As the weeks and months march on, IEC 62368-1 elicits more chatter. Designed to replace IEC 60950-1 2nd edition (IT equipment) and IEC 60065 7th edition (A/V equipment), the new product safety standard is not a merging of these two standards.
As new devices and applications emerge at an unprecedented rate, and technologies continue to converge, 60950-1 and 60065 have had to undergo numerous modifications, making them more complex and difficult to use. IEC 62368-1 is designed for long-term stability and relevancy, regardless of product advancements.
Nearly ten years in development, 62368-1 covers a broad range of products, and allows for the minimalizing of national or regional differences. Technology-neutral and performance – not prescriptive – based, the new standard is expected to help engineers integrate safety compliance early in the product design cycle and help manufacturers speed time to market.
IEC 62368-1 Ed 1.0: Audio/Video, Information and Communication Technology Equipment — Safety Requirements is based on the principles of Hazard-Based Safety Engineering (HBSE). Like the major risk-based change with IEC 60601-1 for electro-medical equipment, HBSE represents a paradigm shift for audio-visual, communication, and information technology products.
HBSE is a process that utilizes a three-block model to address the transfer of hazardous energy to a body part. It describes methods to mitigate hazards and measure safeguard effectiveness.
IEC 62368-1 also has some new requirements to enhance product safety, including:
- Methods for classifying energy sources
- Definitions for ordinary persons, instructed persons, and skilled persons
- Child accessibility test probe
Edition 1.0 of IEC 62368-1 was published as an international standard on January 10, 2010, with a minimum five year effective date recommended by IEC Technical Committee (TC) 108. The second edition is planned to be published in 2013. Final implementation of IEC 62368-1 second edition is likely sometime between 2015 and 2018. There will be a transition period where 60950-x, 60065, and 62368 will all need to be maintained.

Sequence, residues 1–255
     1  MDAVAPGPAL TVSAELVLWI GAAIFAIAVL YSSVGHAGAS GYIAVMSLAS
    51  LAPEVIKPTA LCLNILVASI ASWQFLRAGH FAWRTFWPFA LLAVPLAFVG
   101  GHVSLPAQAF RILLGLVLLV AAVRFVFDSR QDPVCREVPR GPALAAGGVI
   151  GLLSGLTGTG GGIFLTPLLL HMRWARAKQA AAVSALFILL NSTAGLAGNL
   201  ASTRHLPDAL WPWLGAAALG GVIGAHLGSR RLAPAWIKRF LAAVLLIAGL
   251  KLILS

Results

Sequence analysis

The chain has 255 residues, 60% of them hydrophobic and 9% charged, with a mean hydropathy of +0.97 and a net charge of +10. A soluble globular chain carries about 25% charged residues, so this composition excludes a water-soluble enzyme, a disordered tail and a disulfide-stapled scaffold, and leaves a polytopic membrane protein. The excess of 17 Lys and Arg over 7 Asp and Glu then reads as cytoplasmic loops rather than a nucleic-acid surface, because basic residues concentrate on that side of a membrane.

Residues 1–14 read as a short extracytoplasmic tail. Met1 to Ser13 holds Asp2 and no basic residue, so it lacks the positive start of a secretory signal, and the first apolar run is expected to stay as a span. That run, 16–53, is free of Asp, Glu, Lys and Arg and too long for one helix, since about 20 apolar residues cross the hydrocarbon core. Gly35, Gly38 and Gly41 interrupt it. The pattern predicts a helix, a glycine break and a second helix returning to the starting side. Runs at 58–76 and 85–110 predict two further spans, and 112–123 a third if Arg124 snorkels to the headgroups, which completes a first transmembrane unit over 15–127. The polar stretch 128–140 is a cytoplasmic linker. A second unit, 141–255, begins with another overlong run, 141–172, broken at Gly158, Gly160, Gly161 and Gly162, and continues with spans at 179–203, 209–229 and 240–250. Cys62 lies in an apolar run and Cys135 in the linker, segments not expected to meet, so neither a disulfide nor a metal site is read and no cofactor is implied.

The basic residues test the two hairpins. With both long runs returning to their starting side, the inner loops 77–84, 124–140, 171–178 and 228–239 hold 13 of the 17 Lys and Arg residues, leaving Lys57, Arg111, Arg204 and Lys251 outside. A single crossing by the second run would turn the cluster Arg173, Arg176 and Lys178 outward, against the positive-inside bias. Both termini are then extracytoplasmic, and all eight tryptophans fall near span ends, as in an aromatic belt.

See other product safety-related blog posts.
The Mexican governments’ Secretary of Commerce officially announced last month that it will accept products certified to certain ANSI/UL and CAN/CSA standards by an NRTL/SCC approved lab in lieu of the NOM Certification.
Normally, NOM certifications can only be obtained in-country. However, an exception is made in these instances where the UL and CSA standards are similar to the NOM standards:
- For ITE products, in lieu of NOM-019-SCFI-1998, manufacturers can certify to ANSI/UL 60950-1 (Ed. 2 Mar 27 2007) or CAN/CSA-C22.2 No. 60950-1-07 Second Edition.
- For A/V products, in lieu of NOM-001-SCFI-1993, manufacturers can certify to ANSI/UL 60065, Seventh Edition (2003) or CAN/CSA-C22.2 No. 60065-2003 + Amendment 1: 2006.
- For household appliances, in lieu of NOM-016-SCFI-1993, manufacturers can certify to ANSI/UL 60335-1 or CAN/CSA-E60335-1/4E-03 (R2007).
It’s a misperception that only a couple laboratories are recognized to do this testing. All laboratories – including MET Labs – that meet ISO/IEC Guide 65, are approved by OSHA as NRTLs, and as a Certification Body by the SCC, will be recognized as third party testing organizations for products shipped into Mexico.
From the Mexico Secretary of Commerce’s website:
“por cualquier otro acreditado en el campo de aplicación de las normas citadas y conforme a la Guía ISO/IEC 65, y para el caso de los Estados Unidos de América que también sean reconocidos por la Occupational Safety and Health Administration (OSHA) de los Estados Unidos de América.”
“any other [lab] accredited in the field of application of the mentioned standards and according to Guide ISO/IEC 65, and for the case of the United States of America that also is recognized by the Occupational Safety and Health Administration (OSHA) of the United States of America.”